NBA Lockout: Why Owners Are Risking the Future of the League

David DietzContributor IIIOctober 12, 2011

NEW YORK, NY - OCTOBER 04:  Deputy Commissioner Adam Silver (L) and NBA Commissioner David Stern speak at a press conference after NBA labor negotiations at The Westin Times Square on October 4, 2011 in New York City. Stern announced the NBA has canceled the remainder of the preseason and will cancel the first two weeks of the regular season if there is no labor agreement by Monday.  (Photo by Patrick McDermott/Getty Images)
Patrick McDermott/Getty Images


"If we open a quarrel between past and present, we shall find that we have lost the future". 

- Winston Churchill


Sit down to watch one of the Republican presidential debates and you'll hear the 'pledges' to restore America's future. During the commercials you will hear a Fidelity advisor urging you to plan for the long term to ensure a comfortable retirement. If you are a parent you will probably get up and go remind your children to study hard in the 6th grade so that they will have a successful career down the road.

Flip on Sports Center and you will hear a cadre of teams and GMs promising to rebuild and restore the the future. 

We are a country driven by a desire for a better future. It is the American dream.

For the most part, looking ahead is sound advice. One must prepare for what lies ahead in order to best face and conquer it. In our fast paced and ever changing society, sitting on one's laurels and taking life day-by-day no longer cuts it. The future holds our fortunes. 

With the promise of the future so ingrained in our society, it comes as no surprise that the NBA and its owners have embraced this ideal.

The problem is that by preparing themselves for the future and digging in for the long haul, the NBA owners have shot themselves in the foot and are on the verge of killing the season.

Their refusal to negotiate stems from their demand that the owners and players redo their previous agreement and split all basketball-related income 50-50. Besides the inconsequential fact that the owners happily agreed to the prior 57-43 BRI deal, a more equitable revenue sharing agreement does indeed make sense. 

For the owners, sharing the BRI 50-50 is a key component in guaranteeing the long term financial success for their franchises. The problem is, their stubborn belief that anything less is unacceptable torpedoes those very goals. 

The owner's refusal to accept the players proposal to cut their BRI percentage from 57 to 53 percent does more to jeopardize their long term stability than it ensures it.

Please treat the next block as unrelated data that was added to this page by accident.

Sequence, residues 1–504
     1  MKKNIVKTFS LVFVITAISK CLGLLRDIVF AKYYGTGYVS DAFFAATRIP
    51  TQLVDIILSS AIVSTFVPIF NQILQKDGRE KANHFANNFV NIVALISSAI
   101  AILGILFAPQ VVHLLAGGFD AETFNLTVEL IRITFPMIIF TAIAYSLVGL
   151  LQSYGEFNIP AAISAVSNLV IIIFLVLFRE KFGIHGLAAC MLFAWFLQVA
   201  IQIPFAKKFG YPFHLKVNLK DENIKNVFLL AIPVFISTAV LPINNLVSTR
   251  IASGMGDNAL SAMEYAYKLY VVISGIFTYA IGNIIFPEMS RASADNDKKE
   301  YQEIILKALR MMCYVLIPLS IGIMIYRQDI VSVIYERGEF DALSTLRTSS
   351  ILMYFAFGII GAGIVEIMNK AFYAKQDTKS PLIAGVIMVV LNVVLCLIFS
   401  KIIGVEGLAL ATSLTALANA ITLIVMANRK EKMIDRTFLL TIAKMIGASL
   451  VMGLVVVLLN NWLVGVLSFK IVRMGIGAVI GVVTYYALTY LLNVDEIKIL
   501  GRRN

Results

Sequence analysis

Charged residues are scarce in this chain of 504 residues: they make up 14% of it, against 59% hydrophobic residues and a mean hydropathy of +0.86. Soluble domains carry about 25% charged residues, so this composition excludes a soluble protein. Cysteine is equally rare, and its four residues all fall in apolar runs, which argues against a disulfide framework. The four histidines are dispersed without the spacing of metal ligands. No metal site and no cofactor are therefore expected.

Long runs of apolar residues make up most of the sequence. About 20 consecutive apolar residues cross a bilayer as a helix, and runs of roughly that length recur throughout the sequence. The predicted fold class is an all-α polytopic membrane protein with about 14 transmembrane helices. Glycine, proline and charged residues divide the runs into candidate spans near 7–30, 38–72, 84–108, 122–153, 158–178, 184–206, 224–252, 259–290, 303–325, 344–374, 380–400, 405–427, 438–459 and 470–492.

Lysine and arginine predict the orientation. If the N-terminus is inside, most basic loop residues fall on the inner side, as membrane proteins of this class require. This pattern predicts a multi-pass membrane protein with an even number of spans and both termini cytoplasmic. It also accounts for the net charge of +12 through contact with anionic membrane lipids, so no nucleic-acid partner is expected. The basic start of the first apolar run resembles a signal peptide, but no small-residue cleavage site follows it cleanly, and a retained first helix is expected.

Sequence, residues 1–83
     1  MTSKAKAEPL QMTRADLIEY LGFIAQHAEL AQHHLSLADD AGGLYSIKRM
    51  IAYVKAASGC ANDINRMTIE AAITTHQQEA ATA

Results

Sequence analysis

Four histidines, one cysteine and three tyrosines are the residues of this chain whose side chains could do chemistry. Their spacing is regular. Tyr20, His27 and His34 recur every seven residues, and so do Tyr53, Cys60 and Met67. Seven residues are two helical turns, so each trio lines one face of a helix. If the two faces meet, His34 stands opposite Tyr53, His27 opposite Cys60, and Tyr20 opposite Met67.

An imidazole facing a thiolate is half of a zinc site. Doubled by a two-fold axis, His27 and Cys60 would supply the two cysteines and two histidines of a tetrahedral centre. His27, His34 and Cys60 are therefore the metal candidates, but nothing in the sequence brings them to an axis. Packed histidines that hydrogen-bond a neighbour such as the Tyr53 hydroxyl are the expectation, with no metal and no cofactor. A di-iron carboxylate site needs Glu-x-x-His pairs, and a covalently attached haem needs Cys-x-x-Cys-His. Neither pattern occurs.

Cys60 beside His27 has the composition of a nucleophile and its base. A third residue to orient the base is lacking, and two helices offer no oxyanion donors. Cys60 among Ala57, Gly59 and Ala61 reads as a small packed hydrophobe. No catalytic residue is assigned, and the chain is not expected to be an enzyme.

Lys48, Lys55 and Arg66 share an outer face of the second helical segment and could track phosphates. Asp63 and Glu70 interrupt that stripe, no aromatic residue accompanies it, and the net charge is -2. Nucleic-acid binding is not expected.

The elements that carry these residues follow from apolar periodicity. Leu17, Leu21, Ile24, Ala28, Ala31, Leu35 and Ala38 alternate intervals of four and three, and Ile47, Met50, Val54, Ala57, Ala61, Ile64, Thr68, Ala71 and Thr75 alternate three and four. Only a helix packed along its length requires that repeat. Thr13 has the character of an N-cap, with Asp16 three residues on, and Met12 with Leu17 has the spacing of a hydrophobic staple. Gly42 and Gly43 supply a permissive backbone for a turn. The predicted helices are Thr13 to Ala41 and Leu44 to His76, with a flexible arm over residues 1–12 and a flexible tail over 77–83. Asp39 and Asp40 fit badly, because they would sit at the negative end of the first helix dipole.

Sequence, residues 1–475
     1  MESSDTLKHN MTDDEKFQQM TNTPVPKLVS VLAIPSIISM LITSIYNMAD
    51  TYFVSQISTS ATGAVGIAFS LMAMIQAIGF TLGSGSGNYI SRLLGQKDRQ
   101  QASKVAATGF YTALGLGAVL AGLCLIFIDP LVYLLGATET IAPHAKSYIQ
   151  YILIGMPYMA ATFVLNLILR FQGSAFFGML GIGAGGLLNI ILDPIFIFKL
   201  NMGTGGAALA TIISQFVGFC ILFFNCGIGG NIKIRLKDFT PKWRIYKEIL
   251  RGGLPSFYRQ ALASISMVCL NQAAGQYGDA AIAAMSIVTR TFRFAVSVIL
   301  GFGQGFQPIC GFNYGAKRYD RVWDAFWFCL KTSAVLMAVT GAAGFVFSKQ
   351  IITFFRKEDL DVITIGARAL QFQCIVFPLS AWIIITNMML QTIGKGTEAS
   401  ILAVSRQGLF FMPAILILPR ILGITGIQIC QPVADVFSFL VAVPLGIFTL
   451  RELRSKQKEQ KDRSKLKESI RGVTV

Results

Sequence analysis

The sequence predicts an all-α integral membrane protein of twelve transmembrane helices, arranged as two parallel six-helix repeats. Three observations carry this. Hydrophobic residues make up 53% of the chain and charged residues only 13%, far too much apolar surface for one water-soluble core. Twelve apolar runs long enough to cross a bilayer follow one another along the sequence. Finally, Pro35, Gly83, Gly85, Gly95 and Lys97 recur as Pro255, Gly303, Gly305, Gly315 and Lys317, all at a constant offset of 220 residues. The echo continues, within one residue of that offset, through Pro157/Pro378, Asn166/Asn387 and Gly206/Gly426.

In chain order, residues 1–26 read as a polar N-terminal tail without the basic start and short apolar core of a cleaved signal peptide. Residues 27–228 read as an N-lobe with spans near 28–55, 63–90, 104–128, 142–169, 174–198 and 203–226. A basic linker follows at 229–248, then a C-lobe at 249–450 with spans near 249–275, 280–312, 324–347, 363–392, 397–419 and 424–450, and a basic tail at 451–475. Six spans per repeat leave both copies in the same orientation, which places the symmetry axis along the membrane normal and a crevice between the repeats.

Why? Because the owners are overlooking the present. 

After last season's formation of the Super Heat and the epic playoffs culminating in the Dallas Mavericks championship, the NBA was primed to enter a golden age, perhaps as good as the Larry Bird and Magic Johnson era.

Not since then has there been so many compelling story lines, heated rivalries or prodigious young talent. 

After suffering through what was a lost decade of high profile draft busts, overpaid selfish players -many lacking talent - and a 'thuggish' image stemming from the melee at Auburn Hills, the NBA was back in a big way.

The league had already begun its comeback with the reemergence of the Lakers and Celtics as dominant powers and heated rivals. Factor in the rise of several young stars such as Kevin Durant, Derrick Rose, Blake Griffin and Dwight Howard (don't forget he's only 25), and the NBA was as deep and exciting a league as it ever was.

NEW YORK, NY - OCTOBER 04:  Derek Fisher, President of the National Basketball Players Association, (C) and Billy Hunter, Executive Director of the National Basketball Players Association, speak at a press conference after NBA labor negotiations at The We
Patrick McDermott/Getty Images

The formation of Miami's Super 3 was the icing on the cake and only cemented the NBA's reemergence.

Few sporting events/spectacles have ever garnered so much news and inflamed so many passions.For the first time since Jordan's Bulls, entering the fall, there was more hype about basketball than football.

Now? A year removed from what was one of the most watched and most talked about finals of all time and the league barely registers on our sports radar. 

Lebron has not been seen in weeks (His only public appearances are McDonald's commercials), fans are angry, and players are fleeing to Europe.  

All the while, the league is losing the interest of fans it worked so hard to win back. 

What owners have failed to understand is that the future is only brighter if the present crisis is solved. 

For small market teams, the future is only brighter if they do not lose their players to Europe or if they are not contracted in the present (a stronger possibility if the lockout lasts longer than a year). 

For big market teams, the future is only brighter if rivalries are stoked and interest in the players remains strong keeping fans from turning their attention elsewhere. 

And for the NBA, the future is only brighter if fans return to the stadiums and forgive the league for robbing them of some of the last good years of this generations greatest stars Kobe, Duncan, Nash, Garnett, Nowitzki and the like.

 At the current time, the owners can still mortgage the present for a better future. Losing two weeks of the season is certainly not desirable but neither catastrophic. The longer the lockout drags on however, the more the league is putting its future in doubt. 

Having just managed to pull itself out of a lost decade, does the NBA really want to risk another?

That is not the future anyone had in mind.